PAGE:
Dad and son lose appeal; 10-year sentences not too long, say top judges.
Jason David Cashman, 42, of Spennithorne Road, and Luke Peter Cashman, 23, of Mowbray Grove, Bishopsgarth, Stockton, carried out a revenge attack in the loos of The Keys public house in Yarm on April 24 2011, using a knuckle-duster and a glass.
Both were caged at Teesside Crown Court in April last year, having each been convicted of two counts of wounding with intent.
Luke Cashman, the son, was also found guilty of having an offensive weapon and breaching an Asbo.
Lawyers for the pair asked Lord Justice Leveson - better known as the phone hacking inquiry judge - Mr Justice Nicol and Judge Anthony Stokes QC, sitting at London's Criminal Appeal Court, to reduce those sentences, arguing they were unfairly harsh.
The court heard Luke Cashman, who had come to the pub armed with a knuckle-duster and was "intoxicated", went into the toilet when he spotted a man going in who had given evidence against him four years earlier. "Knowing that his son was to attack the man, his father went to assist him," the appeal judge said.
Once inside the lavatory, the revenge attack took place, with Cashman junior inflicting a beating using the knuckle duster, leaving his victim nursing cuts to the head.
At this point, said the judge, an "entirely innocent bystander" came to the assistance of the victim, and was in his turn attacked by the pair.
Jason Cashman used a glass he was holding as a weapon in this second attack, the judge said, and the victim sustained an injury to his ear which has left him with lasting tinnitus.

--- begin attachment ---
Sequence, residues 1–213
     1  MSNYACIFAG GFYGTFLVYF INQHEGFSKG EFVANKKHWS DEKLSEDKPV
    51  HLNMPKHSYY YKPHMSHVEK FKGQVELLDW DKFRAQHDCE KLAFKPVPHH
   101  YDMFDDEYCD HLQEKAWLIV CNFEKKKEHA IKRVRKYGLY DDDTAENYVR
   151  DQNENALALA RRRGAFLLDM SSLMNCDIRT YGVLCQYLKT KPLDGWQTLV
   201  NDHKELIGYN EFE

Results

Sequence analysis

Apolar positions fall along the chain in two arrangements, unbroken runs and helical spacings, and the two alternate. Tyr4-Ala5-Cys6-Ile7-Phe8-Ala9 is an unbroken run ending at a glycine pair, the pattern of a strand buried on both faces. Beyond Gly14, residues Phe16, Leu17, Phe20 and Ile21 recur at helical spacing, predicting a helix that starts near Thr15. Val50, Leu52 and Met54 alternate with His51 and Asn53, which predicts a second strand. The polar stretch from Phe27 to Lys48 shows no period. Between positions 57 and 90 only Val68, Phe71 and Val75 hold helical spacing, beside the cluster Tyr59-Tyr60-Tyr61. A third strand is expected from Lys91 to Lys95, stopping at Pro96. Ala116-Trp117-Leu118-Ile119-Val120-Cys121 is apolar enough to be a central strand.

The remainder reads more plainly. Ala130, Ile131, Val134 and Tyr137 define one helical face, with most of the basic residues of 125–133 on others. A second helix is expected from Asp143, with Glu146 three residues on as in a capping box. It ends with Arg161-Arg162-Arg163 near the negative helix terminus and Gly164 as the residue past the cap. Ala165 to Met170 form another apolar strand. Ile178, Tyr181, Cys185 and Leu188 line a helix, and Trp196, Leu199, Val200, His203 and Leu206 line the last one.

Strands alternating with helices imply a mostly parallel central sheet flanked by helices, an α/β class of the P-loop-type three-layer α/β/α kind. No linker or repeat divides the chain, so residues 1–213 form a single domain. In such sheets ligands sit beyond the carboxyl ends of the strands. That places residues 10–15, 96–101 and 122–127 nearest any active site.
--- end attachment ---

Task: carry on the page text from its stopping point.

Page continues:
Lawyers for the father argued that the starting point for his sentence had been set too high by the Crown court judge. On the son's behalf, it was said his youth and the fact it was his first custodial term ought to have led to a reduction.
But Lord Justice Leveson, refusing each man's application, criticised the pair's "lack of victim empathy", adding that they "continued to deny the offences."
In relation to the father, the judge said he had "gone along with his son's attack when he should have discouraged him from doing it."
"This was a serious and sustained assault. There was the use of a weapon - in the father's case a glass and in the son's case a knuckle duster - and there were two offences, not just one.
"The son took a leading role, wishing to exercise revenge on the person giving evidence against him," Lord Justice Leveson concluded.
VIOLENT ATTACK: Our story last April when the pair were jailed
FACING LONG STRETCH: Jason Cashman, above left, and his son Luke Cashman, above right, who unsuccessfully appealed against their 10-year sentences